The latter titles are in fact representative of a conspicuous flurry of books on Bowie over the last ten years, not to mention his repertory presence in classic rock mainstays such as Mojo and Uncut (Doggett was the lead essayist in a special “limited” 2003 edition of Mojo devoted to Bowie). It would be naive to presume that such ongoing attention to Bowie is in any way singular or distinctive. But there is something conspicuous about the staying power of a very specific period, tone and poetic engagement with the evolution of the artistic self and its relation to culture. Of the book’s structure, in this respect, Doggett is forthright at the start of the text, providing a taste of the louche journey we are about to take: “Interspersed among those song-by-song studies are brief reviews of every commercial project Bowie undertook during this time frame: and short essays on the major themes in his work and times, from occult to glam rock, fashion to fascism.”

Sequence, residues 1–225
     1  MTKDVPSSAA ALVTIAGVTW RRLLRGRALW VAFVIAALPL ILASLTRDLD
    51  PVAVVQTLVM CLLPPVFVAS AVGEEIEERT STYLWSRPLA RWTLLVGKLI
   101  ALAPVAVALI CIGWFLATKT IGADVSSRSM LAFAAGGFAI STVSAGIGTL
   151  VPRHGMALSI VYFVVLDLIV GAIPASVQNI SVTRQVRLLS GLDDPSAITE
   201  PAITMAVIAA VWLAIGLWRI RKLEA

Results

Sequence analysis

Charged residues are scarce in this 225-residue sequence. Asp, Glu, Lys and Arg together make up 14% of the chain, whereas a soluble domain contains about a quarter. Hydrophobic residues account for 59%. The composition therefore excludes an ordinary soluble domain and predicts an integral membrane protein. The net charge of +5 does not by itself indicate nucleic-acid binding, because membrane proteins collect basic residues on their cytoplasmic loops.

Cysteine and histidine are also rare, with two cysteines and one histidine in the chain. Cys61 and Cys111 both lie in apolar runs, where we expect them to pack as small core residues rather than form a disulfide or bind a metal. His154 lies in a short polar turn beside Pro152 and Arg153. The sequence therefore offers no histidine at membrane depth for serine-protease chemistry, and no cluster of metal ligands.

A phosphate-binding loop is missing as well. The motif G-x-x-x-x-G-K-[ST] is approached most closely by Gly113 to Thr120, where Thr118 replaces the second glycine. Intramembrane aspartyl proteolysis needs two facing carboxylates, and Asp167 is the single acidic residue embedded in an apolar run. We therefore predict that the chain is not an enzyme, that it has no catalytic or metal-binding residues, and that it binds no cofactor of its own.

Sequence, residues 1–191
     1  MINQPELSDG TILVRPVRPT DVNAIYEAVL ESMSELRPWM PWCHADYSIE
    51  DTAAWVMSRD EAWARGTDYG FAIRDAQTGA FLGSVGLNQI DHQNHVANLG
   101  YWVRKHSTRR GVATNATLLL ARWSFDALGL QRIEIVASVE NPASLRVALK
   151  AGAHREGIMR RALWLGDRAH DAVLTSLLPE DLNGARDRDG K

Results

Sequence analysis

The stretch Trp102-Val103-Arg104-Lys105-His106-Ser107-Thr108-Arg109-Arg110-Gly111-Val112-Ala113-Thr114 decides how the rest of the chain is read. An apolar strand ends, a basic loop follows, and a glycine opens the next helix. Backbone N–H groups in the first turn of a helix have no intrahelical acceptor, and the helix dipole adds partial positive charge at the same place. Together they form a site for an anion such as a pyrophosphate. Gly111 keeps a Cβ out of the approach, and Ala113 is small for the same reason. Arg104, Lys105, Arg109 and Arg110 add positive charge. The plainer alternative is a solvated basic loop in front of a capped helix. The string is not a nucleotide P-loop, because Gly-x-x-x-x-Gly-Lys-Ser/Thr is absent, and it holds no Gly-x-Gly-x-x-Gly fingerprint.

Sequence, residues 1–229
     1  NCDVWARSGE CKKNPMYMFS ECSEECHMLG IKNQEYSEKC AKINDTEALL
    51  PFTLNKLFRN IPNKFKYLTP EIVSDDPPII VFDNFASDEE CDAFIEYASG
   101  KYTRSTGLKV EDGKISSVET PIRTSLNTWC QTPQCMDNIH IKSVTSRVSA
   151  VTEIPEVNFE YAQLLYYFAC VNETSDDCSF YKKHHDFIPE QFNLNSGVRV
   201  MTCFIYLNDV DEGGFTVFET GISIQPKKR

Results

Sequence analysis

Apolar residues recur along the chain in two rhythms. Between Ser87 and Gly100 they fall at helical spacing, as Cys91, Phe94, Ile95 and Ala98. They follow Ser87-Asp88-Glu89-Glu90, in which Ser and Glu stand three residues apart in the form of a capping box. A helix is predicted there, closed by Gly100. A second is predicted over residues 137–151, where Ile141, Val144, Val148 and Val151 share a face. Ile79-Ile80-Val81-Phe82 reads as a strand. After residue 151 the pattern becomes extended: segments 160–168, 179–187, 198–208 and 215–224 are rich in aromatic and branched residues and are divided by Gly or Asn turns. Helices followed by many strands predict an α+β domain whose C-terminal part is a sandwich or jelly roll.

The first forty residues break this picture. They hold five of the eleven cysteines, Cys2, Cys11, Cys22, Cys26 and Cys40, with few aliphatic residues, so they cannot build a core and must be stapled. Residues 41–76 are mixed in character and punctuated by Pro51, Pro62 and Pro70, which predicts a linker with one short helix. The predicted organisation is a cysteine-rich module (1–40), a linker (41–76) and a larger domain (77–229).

THE vexed question of rock and pop demography can’t be avoided in discussions of music recorded forty years ago, in what is now nostalgically or cynically called, depending on who and when you are, the age of “classic rock.” For Homer Simpson, rock music unquestionably reached its sublime apotheosis in 1974, after which nothing of any consequence could possibly follow (Nine Inch Nails are among the many “no name” bands he is puzzled by). But such baby boomer arrogance clearly holds no truck for generation whatever letter of the alphabet we are currently up to.